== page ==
This year’s plans were very ambitious. They were dominated by a planned trip to Tunisia.
Thetis spent the winter in the island of Leros under the care of the Agmar Shipyard located in Partheni where all the regular maintenance was performed. Other than the regular maintenance (hull, engine, sails, winches, windlass, woodwork, rudder, etc.) they were to install new windows to replace the abomination of last year. To do so, they had to rip apart the main cabin and re-do a lot of the fiberglass foundation. Taking advantage of this, I also had them replace the ceiling upholstery that had begun to show Thetis’ old age.
The other winter activity had been bureaucratic. I started a process last October of changing Thetis’ status from a professional boat i.e. a boat that gets chartered, to a private pleasure boat. In theory this should have entailed only a payment of the VAT tax (about $4,000) but in practice it proved to be a Kafkaesque process with infinite paperwork and long delays.
Wednesday April 25, 2001, 6:45 PM
I am on a ferry boat heading for Leros where I had left Thetis last October. As far as I know she should be almost ready for launching. The ferry left Piraeus 30 minutes ago. I arrived in Athens on Monday afternoon. From that time until now I have been focusing on one problem only: how to get Thetis’ papers out of the clutches of the bureaucrats and my agent Mr. Bibis who nominally works on my behalf but I suspect that he is one of them. As of Monday, the process which was started last October had not yet been completed so that Thetis could not legally sail and certainly could not leave the country. After endless phone calls to Leros to have the fire extinguishers inspected, a certificate was issued and faxed to Mr. Bibis (why these could not have been done all these months?). Eventually he called me and told me that the papers were ready and in his office. This was not totally correct: about 20 minutes before the ferry was due to depart I was still at Mr. Bibis’ office in Piraeus waiting for the final paper delivery. Now I have in my possession:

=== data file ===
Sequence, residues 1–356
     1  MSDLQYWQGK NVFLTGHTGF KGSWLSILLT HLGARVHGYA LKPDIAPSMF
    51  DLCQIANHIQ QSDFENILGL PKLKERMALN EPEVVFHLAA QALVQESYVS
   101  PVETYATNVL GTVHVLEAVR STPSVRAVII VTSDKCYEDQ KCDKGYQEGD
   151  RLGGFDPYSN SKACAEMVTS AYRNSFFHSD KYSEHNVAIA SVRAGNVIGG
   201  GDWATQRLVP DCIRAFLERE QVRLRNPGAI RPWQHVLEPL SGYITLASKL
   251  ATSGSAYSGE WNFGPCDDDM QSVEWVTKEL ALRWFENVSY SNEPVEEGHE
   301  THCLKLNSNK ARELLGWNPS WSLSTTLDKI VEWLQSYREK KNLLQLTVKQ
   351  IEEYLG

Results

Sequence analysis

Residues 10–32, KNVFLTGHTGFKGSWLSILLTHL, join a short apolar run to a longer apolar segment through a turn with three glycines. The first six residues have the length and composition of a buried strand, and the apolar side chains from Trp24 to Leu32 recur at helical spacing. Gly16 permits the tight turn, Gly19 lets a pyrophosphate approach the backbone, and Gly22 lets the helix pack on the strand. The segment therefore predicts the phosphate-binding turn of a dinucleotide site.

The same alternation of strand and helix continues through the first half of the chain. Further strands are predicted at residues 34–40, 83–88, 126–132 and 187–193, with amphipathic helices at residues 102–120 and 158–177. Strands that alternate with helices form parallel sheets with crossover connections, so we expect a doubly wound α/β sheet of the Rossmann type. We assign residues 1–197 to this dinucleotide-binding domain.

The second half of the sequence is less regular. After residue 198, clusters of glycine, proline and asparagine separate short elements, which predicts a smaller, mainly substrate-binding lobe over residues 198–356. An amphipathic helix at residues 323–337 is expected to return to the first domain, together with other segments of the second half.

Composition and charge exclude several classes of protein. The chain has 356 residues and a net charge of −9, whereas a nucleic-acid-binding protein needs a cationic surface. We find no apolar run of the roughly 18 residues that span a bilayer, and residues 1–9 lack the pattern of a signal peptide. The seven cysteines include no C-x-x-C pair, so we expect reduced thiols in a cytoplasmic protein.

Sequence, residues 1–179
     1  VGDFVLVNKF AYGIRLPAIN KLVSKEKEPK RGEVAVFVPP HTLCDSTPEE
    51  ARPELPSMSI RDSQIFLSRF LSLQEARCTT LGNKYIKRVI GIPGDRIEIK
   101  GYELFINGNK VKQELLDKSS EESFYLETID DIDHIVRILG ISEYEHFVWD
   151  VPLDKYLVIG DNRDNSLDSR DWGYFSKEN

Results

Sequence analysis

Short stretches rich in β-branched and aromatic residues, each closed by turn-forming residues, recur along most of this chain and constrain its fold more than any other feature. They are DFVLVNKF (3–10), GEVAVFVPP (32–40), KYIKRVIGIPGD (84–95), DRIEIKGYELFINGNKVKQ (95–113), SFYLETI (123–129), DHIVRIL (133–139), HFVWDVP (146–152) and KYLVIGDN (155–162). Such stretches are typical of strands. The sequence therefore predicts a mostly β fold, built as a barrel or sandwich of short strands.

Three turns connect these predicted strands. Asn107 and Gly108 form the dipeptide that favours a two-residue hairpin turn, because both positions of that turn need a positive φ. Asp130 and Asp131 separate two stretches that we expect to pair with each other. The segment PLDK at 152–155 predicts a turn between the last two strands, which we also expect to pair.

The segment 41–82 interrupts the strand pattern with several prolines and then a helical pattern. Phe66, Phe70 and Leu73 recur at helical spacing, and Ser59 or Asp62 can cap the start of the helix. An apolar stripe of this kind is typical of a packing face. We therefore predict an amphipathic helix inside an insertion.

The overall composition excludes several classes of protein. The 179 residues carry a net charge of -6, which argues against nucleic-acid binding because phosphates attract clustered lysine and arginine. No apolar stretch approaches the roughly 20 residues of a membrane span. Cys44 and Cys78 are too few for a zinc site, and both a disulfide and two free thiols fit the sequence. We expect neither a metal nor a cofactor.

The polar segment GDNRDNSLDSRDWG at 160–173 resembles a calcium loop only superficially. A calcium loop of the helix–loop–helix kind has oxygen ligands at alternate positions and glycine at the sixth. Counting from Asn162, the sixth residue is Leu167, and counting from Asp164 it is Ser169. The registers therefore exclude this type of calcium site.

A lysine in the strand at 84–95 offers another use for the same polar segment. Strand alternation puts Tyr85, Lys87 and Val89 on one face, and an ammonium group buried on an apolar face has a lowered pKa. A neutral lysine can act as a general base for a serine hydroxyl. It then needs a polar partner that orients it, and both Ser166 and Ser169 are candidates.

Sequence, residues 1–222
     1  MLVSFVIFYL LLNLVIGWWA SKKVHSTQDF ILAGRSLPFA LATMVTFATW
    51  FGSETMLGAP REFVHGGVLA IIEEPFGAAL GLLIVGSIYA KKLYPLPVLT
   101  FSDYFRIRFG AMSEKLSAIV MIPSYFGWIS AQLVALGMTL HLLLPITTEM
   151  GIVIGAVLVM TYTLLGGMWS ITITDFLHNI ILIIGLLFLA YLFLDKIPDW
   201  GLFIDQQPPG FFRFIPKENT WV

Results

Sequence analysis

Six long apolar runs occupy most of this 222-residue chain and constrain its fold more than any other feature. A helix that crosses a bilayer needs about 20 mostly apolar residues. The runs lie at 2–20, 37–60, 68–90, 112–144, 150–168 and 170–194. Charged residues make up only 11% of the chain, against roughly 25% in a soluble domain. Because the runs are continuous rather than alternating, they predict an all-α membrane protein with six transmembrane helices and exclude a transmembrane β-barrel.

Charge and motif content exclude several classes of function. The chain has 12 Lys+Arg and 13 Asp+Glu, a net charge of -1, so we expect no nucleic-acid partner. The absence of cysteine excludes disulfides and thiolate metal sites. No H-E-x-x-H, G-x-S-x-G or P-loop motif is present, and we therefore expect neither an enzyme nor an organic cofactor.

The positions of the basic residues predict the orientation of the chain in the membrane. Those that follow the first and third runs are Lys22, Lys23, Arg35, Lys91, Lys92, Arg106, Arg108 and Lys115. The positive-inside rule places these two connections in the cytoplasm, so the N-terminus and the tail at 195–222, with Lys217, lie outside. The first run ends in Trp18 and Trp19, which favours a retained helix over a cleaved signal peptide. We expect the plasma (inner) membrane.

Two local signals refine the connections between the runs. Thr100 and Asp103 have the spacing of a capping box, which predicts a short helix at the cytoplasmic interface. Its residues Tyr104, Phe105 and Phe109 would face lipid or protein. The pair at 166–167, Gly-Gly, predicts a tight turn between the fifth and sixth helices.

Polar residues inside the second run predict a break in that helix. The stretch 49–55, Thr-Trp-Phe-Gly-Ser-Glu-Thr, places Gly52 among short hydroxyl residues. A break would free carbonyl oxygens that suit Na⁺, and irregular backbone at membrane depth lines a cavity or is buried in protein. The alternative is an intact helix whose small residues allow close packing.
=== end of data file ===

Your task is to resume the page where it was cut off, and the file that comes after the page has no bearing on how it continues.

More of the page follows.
- The old owner’s certificate stating that the boat has professional status.
- A new certificate stating that the status of the boat has been changed from professional to pleasure.
- The old inspection certificate with a new official note that it is valid until December 2001.
- A new usage certificate for the VHF.
Certificates 1 and 3 need to be re-issued but we have miraculously run out of time. Mr. Bibis has assured me that Thetis is legitimate and will have no legal obstacles leaving Greece. When I return from the trip to Tunisia, I will just have to send him these certificates and he will have them replaced in no time. Ha!
Accordingly, my plan is to prepare the boat, launch her, provision her, and start the trip to Malta and Tunisia around May 7 with estimated arrival on Malta by May 14 where I will meet my wife, Alice. Before that I will be met by my friend Manos Castrinakis who will sail with me as far as Malta from where he will fly to Brussels on May 18. Alice and I will sail to the Italian island of Lampedusa and then to Tunisia. On June 5 we will be joined in Tunis by my nephew Nick Iliades and Alice will fly out of Tunis for Athens and Samos. Nick and I will the sail Thetis back to Samos, Greece. Somewhere along the way we will be joined my cousin and Nick’s father Chris Iliades. We will see.
I am carrying with me several duffel bags with spare parts, a new autopilot, clothes etc. I am also carrying 3 new jerry cans to allow Thetis to carry extra fuel.
The ferry is due to Leros at 4:00 AM.
Friday April 27, 2001
I woke up after a long sleep. I slept in Thetis but I am surrounded by chaos.